July 23rd, 2009
Ugh,” it was a long night even though I came home early and now this knocking on my door. Just ignore it and they’ll go away. Persistent buggers they are. Squinting I open my eyes the room has a faint light through the fog or is it smoke. It’s much too early to get up. I glare at the nearly empty bottle of Jameson, my hands are shaking more than usual I need a shot. This endless cycle of drinking needs to end, but not today. I’ll close my shop for half an hour and drive to East Main Liquor. What happened last night after I got home it’s all still so hazy?
I puked. I remember that. How could I forget one hand braced on the bathtub and the other on the sink as I heaved until my throat was sore. Blood. I threw up blood and lots of it everywhere, the toilet overflowing as I couldn’t stop. Blood and vodka. That’s why I’m so weak this morning, I can hardly lift my arms. I’ve cheated death again I wasn’t supposed to wake. I puked at the bottom of the stairs too. I remember mopping it up, smearing the blood everywhere. Bookshelf, I knocked over a bookshelf. I must have been really drunk or is it the blood loss. Maybe I’ll just close the store for today. I need a break a day off just to sleep.
“Mark open up,” a familiar voice calls from outside my apartment door.
“Dad,” I groan, “must be dad.” I grab the Jameson bottle setting it on the floor in a vain attempt to hide it. My apartment hasn’t been cleaned in weeks. There are empty liquor bottles strewn everywhere, an overflowing ashtray, clothes piled anywhere and everywhere I felt like tossing them, piles of books, and trash everywhere. It was in a word revolting, only an insane alcoholic could live this way. I used to be such a germaphobe how did I let it get to this?
I struggle to sit up and get to the door. The knocking is much louder this time, hurried and concerned. Can knocking be concerned? This one is. Yesterday was my birthday and I hardly even spoke to my parents. It’s way too early for a lecture. I unlatch the door and collapse back on to the bed my legs unable to support my weight. I can feel the wave of unconsciousness coming over me. Must stay awake. I see the disapproval in my father’s eyes, no it’s concern, downright worry. I must look worse then I thought. That’s when I remember the blood. Blood everywhere downstairs. He had to walk through the dried caked on blood covering the floor and splattered up the walls.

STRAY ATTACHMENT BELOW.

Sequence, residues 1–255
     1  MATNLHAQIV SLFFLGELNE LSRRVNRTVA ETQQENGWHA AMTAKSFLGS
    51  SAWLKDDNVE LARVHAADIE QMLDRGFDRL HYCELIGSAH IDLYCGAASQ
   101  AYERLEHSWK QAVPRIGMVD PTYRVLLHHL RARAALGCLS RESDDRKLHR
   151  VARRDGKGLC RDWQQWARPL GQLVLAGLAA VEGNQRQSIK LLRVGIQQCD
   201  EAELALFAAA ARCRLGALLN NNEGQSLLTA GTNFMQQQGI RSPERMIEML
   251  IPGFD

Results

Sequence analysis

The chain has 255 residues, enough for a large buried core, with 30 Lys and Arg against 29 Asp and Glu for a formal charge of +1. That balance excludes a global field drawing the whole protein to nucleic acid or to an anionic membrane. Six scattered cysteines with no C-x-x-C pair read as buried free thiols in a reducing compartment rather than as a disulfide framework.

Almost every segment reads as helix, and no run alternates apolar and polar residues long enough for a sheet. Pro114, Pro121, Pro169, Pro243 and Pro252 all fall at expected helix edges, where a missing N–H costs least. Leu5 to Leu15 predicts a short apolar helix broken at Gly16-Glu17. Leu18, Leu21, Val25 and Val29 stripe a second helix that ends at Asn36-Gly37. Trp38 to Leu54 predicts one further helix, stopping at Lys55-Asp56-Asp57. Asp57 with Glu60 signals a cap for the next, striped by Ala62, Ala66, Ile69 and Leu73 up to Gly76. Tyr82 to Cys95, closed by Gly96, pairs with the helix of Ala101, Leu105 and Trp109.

“Put on your socks,” he pleads. I’m fading everything is going dark. The fog is creeping in burning my eyes. Unable to see. “Mark we’ve got to get you to the doctor, to the hospital. Put on your socks.” I’m fading further into the darkness. Maybe this is it, what I’ve been waiting for. Not like this, not with an audience. Would he cry? My father never cries, not when someone dies, not when he’s frustrated, never. I grab my socks tugging them on, tightly on my hands and up my arms. Later this will be humorous, but for now his youngest child’s life is in danger. Delay could mean my death.
I’m fading ever closer, closer to the brink. It’s welcoming me to the other side. Screaming, blood curdling anguished screaming. Someone shut that person up! “It’s cold,” the voice cries inside my own head, inside my body. I’m the one screaming my eyes flash open. I’m in the ER now, how did I get here, doctors and nurses huddled around me. A large IV piercing my vein as they dump the blood into my body. I’m near death and they’re saving me. Jerk out the IV and let me fade, fade away from this world. This isn’t how I wanted to go. I thought I’d go silently into the night, not with a struggle, not a fight.
Somewhere in the darkness of my mind Anne Sexton speaks to me, “Death, I need my little addiction to you. I need that tiny voice who, even as I rise from the sea… all there, says kill me, kill me.” I’ve been reading too much of the confessional poets lately: Sexton, Sylvia Plath, Robert Lowell. They speak to me, to my depression, to my hallucinations, to the people implanting thoughts in my head I can’t control. Would a therapist have made things different for me, a different outcome. Am I simply too proud to seek help, too stubborn, too foolish, too drunk.
Time passes fast and slow depending upon your mental state. For the next day I’m certain it crawled by for my parents as they awaited an update. For me it flew by as I faded in and out of consciousness a multitude of medical procedures performed. Before I was able to answer the doctor’s questions they performed an endoscopy banding my varices in an attempt to stop the bleeding. I was given seven units of blood, your body holds ten.